There is a notable holiday in the Church Year calendar that gives us an opportunity to give thanks to the Lord for a unique disciple of Paul the Apostle and an inspired teacher of our church, the Evangelist Saint Luke. His designated feast day, October 18, is perhaps, like Holy Cross Day (September 14), the date of dedication of a church that was named in his honor.
Luke wrote two large books of the New Testament, together comprising over a fourth of its content, and those are actually two volumes of one work, referred to as Luke-Acts. He wrote an introduction, or prologue, to both of them (see Luke 1:1-4 and Acts 1:1-3) and addressed it to a Christian named Theophilus. The theory about this unknown man is that he had been already taught about Jesus and baptized, but he requested Luke to present a clearer and more orderly account of our Lord and His mission from beginning to end. Theophilus could possibly have also helped finance the major project, which in terms of our money today, might have cost over $10,000 to produce a single copy of each book!
Luke probably grew up a Gentile, living not far from the Apostle Paul’s hometown of Tarsus, near the border of Syria and Turkey. When Paul received the vision and call from the Lord to begin proclaiming the Gospel in Europe, Luke joined him as he sailed for Philippi. This is clearly indicated in the book of Acts when all of a sudden the narrator changes pronouns from “he” to “we.” (See Acts 16:10) It seems that Luke stayed in Philippi as the brand-new church there was getting started, but then rejoined Paul as the Apostle traveled back to Jerusalem, bearing an offering that he had collected to relieve the struggling poor Christians in that city. It’s likely that while he was staying with Paul during his imprisonment, Luke collected writings and interviewed eyewitnesses that gave him the material he needed to write the unique Gospel stories that his book includes.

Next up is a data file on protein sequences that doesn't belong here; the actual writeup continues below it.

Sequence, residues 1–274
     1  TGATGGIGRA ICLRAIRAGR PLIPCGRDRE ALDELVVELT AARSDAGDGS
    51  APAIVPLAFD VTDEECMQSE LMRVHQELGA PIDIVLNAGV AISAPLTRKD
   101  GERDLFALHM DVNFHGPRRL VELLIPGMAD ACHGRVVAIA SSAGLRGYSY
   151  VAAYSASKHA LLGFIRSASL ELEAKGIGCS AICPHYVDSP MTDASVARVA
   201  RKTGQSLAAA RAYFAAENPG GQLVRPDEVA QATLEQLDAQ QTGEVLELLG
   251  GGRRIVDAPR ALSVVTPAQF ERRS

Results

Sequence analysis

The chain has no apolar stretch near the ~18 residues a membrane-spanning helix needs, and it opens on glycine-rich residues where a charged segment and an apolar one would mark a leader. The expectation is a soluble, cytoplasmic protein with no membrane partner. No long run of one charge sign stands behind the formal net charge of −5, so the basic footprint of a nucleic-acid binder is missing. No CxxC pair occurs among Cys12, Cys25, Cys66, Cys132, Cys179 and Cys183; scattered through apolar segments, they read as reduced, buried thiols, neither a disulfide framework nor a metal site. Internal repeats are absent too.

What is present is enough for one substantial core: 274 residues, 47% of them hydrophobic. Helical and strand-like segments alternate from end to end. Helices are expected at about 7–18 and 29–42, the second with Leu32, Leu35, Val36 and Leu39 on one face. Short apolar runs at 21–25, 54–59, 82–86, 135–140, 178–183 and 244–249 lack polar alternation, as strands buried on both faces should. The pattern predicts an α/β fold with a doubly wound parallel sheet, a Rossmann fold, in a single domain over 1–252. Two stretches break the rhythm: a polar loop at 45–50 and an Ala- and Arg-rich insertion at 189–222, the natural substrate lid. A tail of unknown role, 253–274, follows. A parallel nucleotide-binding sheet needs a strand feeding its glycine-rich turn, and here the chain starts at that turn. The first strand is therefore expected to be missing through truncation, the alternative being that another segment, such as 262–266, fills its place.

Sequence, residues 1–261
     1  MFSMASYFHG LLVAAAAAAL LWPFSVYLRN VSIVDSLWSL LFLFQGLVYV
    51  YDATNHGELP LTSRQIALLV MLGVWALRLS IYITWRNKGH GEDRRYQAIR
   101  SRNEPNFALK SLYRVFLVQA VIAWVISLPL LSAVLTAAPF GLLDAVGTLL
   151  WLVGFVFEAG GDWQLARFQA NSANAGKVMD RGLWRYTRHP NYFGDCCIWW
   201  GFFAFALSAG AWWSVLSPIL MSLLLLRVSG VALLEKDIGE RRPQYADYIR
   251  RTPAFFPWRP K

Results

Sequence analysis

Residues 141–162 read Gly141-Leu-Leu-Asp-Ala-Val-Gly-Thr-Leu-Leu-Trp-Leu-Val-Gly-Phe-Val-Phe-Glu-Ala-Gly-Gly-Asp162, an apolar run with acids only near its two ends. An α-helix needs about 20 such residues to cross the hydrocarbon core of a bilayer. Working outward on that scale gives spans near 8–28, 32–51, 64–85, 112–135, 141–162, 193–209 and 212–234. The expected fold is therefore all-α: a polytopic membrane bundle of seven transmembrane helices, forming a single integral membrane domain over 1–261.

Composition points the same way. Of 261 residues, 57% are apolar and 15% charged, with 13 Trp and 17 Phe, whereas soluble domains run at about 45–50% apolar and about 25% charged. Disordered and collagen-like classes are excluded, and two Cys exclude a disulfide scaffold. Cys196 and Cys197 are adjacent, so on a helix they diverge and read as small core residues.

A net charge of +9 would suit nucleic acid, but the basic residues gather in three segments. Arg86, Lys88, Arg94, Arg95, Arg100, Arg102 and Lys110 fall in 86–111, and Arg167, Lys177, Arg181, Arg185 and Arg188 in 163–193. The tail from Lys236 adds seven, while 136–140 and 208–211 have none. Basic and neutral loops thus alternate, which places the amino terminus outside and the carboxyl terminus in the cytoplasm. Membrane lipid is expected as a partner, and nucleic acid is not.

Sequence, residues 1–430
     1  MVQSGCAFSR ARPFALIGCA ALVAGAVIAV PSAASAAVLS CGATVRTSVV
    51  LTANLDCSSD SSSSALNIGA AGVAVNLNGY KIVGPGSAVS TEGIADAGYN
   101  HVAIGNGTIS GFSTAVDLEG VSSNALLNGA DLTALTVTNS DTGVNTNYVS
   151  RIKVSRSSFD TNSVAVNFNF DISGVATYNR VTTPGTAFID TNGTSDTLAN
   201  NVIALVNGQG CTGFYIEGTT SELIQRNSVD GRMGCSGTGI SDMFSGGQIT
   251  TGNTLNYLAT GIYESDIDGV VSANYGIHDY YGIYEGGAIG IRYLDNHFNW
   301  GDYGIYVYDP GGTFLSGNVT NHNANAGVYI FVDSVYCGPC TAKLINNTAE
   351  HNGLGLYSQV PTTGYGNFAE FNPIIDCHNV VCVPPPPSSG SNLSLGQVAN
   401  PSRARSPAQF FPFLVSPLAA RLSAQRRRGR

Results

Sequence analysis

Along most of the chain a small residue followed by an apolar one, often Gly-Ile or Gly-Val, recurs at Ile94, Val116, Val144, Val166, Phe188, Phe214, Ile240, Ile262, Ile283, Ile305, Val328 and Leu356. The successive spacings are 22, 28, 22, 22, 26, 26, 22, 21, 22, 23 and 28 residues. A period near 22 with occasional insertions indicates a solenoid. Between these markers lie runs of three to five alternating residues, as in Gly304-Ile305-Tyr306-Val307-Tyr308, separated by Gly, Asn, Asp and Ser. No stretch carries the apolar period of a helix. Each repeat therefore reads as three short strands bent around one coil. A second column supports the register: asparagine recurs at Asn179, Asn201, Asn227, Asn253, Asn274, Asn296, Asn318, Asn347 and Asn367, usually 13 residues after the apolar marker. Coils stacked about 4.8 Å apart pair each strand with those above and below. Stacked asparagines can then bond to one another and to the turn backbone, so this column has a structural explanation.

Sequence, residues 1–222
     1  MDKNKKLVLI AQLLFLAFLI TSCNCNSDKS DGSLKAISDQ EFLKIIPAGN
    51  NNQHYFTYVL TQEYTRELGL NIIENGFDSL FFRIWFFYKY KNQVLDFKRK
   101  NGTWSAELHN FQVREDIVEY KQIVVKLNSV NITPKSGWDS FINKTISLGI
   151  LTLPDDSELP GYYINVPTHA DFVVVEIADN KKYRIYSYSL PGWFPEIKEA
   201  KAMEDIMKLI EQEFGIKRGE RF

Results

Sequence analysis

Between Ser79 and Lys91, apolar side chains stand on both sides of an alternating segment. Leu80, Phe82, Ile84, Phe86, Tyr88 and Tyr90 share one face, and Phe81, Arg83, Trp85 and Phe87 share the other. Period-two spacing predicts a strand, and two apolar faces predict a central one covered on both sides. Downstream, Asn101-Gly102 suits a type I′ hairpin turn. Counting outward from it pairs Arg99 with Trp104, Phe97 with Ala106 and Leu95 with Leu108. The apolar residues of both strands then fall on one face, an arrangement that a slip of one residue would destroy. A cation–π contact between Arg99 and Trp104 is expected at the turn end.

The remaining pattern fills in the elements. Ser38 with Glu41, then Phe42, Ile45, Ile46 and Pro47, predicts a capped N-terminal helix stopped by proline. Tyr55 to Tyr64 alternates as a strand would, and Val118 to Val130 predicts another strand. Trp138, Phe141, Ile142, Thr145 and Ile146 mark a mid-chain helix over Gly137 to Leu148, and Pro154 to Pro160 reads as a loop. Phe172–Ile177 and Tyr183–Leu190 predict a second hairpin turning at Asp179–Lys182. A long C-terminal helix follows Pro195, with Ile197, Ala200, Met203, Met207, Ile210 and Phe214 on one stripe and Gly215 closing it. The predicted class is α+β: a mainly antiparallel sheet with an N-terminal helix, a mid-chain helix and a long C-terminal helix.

Luke has included in his narrative lots of unique events, for instance, the birth of John the Baptist, the angels singing to the shepherds, the Baby Jesus in a manger, the boy Jesus teaching the teachers in the Temple. He repeats the well-known parables of the Good Samaritan, the prodigal son, and the story of the different prayers of the Pharisee and the publican (or tax collector; the one who said, “God be merciful to me, a sinner!” Luke 18:13). The Biblical songs or canticles found in the Gospel of Luke are Magnificat (Mary’s Song, “My soul magnifies the Lord…”), the Benedictus (Zechariah’s Song, “Blessed be the Lord, God of Israel…”), and the Nunc Dimittis (Simeon’s Song, “Lord, now lettest Thou Thy servant depart in peace…”).
Luke was a physician and well-trained in the Greek language. It was thought that he used specifically medical terms when describing diseases or Jesus’ sweating blood in Gethsemane, but it has been more recently discovered that those words were widely used in Greek literature, more so than just among physicians. He wrote (with the guidance of the Holy Spirit, of course) for the benefit of Gentiles who might not have been aware of Jewish ceremonial requirements or have an extensive background in Old Testament history. Church legend also claims Luke was an artist or painter. Each of the Four Evangelists has been associated with a “living creature” symbol, which are borrowed from the vision that originated from Ezekiel 1. Luke’s symbol is the ox or calf, and it is sometimes depicted with wings. The other symbols are the angelic man (Matthew), the Lion (Mark), and the Eagle (John).
God bless your observance of this unique gift to the church, the Gospel-writer or Evangelist Saint Luke!
Yours, in Christ’s service,